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Time to rethink police chases, says safety campaigner

Time to rethink police chases, says safety campaigner.

Police chases are dangerous and generally unnecessary, says the American Federal Bureau of Investigation.

Safety campaigner Clive Matthew-Wilson, who edits the car review website, dogandlemon.com, also wants the police to abandon car chases, except in ‘extreme emergencies’.

Matthew-Wilson was commenting after the Independent Police Conduct Authority concluded the Christchurch police should have abandoned a high-speed car chase because it posed an ''unjustified risk to members of the public''.

A 2010 FBI report says breaking off the pursuit of a fleeing vehicle has very few negative consequences for crime-fighting.

Multiple studies, quoted by the FBI, show that once suspects realise they're no longer being chased; they tend to slow down to normal driving speeds and therefore become far less of a risk.

The FBI report also categorically rejected the argument that abandoning police chases meant ‘giving in’ to offenders.

According to the FBI:

“Most pursuits are for minor offences [and] research has shown that if the police refrain from chasing all offenders or terminate their pursuits, no significant increase in the number of suspects who flee would occur.”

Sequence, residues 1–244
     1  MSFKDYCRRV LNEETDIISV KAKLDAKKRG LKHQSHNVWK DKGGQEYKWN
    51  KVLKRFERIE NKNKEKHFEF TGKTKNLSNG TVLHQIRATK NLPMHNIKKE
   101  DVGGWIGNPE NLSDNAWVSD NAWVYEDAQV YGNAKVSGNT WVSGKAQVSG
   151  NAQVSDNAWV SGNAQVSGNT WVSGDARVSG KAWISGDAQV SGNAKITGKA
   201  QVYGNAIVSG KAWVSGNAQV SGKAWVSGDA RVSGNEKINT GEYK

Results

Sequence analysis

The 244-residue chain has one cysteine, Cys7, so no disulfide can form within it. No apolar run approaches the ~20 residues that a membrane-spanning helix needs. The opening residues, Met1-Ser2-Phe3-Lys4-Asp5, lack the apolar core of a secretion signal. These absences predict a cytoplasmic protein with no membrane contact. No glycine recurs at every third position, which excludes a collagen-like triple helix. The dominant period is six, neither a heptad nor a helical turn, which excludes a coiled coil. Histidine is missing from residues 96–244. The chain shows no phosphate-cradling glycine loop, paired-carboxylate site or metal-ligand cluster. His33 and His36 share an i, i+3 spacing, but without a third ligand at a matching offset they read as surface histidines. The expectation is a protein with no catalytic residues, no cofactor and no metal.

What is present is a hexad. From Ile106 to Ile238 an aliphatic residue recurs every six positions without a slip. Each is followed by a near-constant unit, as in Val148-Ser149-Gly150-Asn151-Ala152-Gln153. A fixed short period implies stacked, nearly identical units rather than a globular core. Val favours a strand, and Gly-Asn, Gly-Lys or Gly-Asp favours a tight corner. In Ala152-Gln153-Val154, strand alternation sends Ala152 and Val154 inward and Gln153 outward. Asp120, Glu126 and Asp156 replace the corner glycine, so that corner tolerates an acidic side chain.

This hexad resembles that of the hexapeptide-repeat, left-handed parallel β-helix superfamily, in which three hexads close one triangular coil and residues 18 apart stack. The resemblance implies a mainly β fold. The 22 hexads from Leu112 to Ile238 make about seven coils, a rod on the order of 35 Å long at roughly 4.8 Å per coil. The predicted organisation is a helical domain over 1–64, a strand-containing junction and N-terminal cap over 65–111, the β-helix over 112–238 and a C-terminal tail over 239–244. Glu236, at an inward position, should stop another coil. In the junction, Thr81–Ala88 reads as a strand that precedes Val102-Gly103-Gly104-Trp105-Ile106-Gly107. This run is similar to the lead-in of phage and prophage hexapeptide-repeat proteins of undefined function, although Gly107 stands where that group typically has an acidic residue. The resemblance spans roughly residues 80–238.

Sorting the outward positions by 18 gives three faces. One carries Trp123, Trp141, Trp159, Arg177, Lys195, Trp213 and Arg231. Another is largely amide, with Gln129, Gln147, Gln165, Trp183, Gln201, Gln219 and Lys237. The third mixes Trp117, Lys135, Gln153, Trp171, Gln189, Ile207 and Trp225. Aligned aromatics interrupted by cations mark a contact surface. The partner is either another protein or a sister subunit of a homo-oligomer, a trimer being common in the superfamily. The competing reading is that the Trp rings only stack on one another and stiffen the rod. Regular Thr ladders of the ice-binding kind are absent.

Matthew-Wilson adds:

“These fleeing drivers aren’t going to stop and think what they’re doing, so it’s up to the police to use their heads instead.”

“The police have other options: they can use surveillance cameras, helicopters, road spikes, or simply notify other police cars and quietly pursue the fleeing vehicle at a distance.”

“The sort of drivers who try and out-run police don’t think of consequences – they get a rush of adrenaline and just take off at high speed. However, the police who are pursuing a fleeing car shouldn’t allow a similar rush of adrenaline to replace their own sound judgment.”

In Tasmania, Australia, police chases for minor offences are banned. Police in Tasmania say the ban has not stopped them catching criminals.

Assistant Commissioner Donna Adams of the Tasmanian Police told Metro magazine that the Police, who initially opposed the ban on car chases, now strongly supported it.

Assistant Commissioner Adams said that while police could still pursue vehicles for serious crimes in progress, such as robbery or murder, “they’re very few and far between.”

Adams added that the ban has not impacted on enforcement of laws. People aren't drink-driving or nicking vehicles with impunity, she says, because they're still getting caught.

Release ends.


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